Planning is Paramount to Success of Surgical Pack Room


preparing operating room
(Photo: American Laundry News file photo by Bruce Beggs)

Jean Teller |

Textile co. examines basic program elements, IDs what hospitals are looking for

CINCINNATI — Setting up a surgical pack room for a healthcare laundry facility takes more than a little thought and planning. A recent webinar, sponsored by the Association for Linen Management, featured Jim Sprout, the pre-pack business manager for Standard Textile Co. in Cincinnati.

Sprout detailed the key elements in developing a successful pack room program, starting with what hospitals are looking for from service providers.

“What do they want from us? Cost savings, staff preference, environmental impact and a partnership,” says Sprout. Such a partnership, he says, is a key relationship, as is the partnership with the manufacturer that makes the towels, gowns and other linens for your healthcare facility.


The other major elements in putting together a pack room program include the facility, the staff, the products to be provided, and a strong quality-assurance program.

Sprout says a textile manufacturer can provide invaluable information to a healthcare laundry.

“We know how to launder this (linen), we get all the testing, we develop the fabric, we register it with the government, and only we know how we washed it 75 times,” he says. “Whomever you buy any product from, you should base your laundry formula on what the manufacturer recommends.”

Always register products, Sprout encourages, and rely on the manufacturer for product support when anything goes wrong, as well as for program support.

Many manufacturers also can provide clinician support, including access to a nurse to help provide technical information and representation with a laundry’s clients.

“We think it is important if you want to be a partner with an OR (operating room staff) that you add some sort of clinical expertise available on your side.”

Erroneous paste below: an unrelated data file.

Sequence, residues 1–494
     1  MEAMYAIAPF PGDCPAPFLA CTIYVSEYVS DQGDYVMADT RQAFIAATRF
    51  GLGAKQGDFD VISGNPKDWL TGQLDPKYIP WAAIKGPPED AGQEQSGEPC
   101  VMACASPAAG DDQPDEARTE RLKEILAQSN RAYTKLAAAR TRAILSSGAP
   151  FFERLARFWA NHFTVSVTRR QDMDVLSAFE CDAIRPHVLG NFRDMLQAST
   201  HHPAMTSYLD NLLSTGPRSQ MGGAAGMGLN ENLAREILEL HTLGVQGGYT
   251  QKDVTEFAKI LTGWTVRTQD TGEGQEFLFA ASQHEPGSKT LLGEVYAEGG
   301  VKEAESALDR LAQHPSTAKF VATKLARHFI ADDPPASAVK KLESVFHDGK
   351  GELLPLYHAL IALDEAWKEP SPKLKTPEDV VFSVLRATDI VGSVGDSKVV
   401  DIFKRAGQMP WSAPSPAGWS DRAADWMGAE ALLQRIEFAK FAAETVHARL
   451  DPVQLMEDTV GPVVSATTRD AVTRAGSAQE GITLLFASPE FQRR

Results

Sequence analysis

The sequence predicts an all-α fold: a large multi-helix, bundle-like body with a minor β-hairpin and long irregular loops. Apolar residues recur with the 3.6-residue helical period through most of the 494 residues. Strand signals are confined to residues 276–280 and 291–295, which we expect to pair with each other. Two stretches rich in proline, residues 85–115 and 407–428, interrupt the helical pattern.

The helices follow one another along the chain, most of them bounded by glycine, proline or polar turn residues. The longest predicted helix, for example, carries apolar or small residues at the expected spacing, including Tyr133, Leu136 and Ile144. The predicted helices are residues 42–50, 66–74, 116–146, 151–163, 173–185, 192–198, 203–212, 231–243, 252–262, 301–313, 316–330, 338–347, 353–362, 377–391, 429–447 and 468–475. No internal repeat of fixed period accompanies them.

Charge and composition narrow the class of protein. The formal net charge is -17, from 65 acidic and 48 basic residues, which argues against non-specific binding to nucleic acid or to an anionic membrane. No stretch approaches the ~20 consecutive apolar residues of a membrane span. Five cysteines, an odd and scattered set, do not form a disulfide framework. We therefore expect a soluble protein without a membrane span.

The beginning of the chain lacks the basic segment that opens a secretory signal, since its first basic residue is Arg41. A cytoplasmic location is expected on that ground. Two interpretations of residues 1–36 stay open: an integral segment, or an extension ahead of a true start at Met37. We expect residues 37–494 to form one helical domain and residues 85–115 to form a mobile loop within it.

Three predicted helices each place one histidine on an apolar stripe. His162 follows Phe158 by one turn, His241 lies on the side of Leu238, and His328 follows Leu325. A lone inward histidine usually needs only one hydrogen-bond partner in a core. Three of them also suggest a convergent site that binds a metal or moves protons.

As for the facility, Standard Textile has developed a pack room layout that may prove helpful. Ask a number of questions, Sprout recommends, including the type of storage needed, whether your facility will be sterilizing or distributing packs, where offices, locker rooms, bathrooms and break rooms will be, where the quality assurance testing will be accomplished, and more.

The main requirements are proper air exchanges—no air venting from an area contained soiled linens, and clean air coming in; an ability to seal the pack room, and that the surfaces be cleanable.

Sprout says large light tables, 6 feet by 8 feet, with red lines to guide folding are also essential. Other considerations to take into account are shelving and reject bins, as well as a repair station.

Standard Textile’s approach to facility design, he says, is to have a large space, at least 140 to 160 square feet per worker. This enables the facility to have plenty of storage space—key to maintaining an efficient and orderly pack room—and lots of room to move about. But he also says it’s not good to have workers searching a pack room for materials.

“We prefer to have everything already sorted, already stacked, already organized so the workers who make the packs don’t have to do the search.” It’s best to have one person designated as the material handler, who takes away finished products and who brings in raw products, Sprout says.

His company’s approach also recommends keeping inspection, folding and pack-making functions all in the same area, and it suggests more formal and focused training for pack room workers.

Product selection is a key element to a proper pack room, Sprout says. Know the product’s performance characteristics, evaluate current and potential products, and continually review the products.


A quality assurance program is a major element to consider, Sprout says. He listed 11 parts of a sound quality assurance program.

One, ensure that all items are folded the same. Engineers as well as OR nurses have designed folds for certain pieces of linen, such as surgical gowns. Two, inspect the materials, although perfection is not the goal, he says. The inspection criteria should be specific, documented, constantly reviewed and constantly adjusted. Three, know the age of the products being used. “We test our products to be sure they are good for 75 uses. … It’s not enough to just date it. … The simple way is to mark in red. Many places now use bar codes, and several even use RFID. Ours supports all three systems.”

No. 4 is accountability, Sprout says. A facility must be able to track every item and every pack back to the person who processed it: the inspector, the assembler, the sterile lot, etc. Next on the list is environment, meaning that the space and workers must be clean and that access is limited.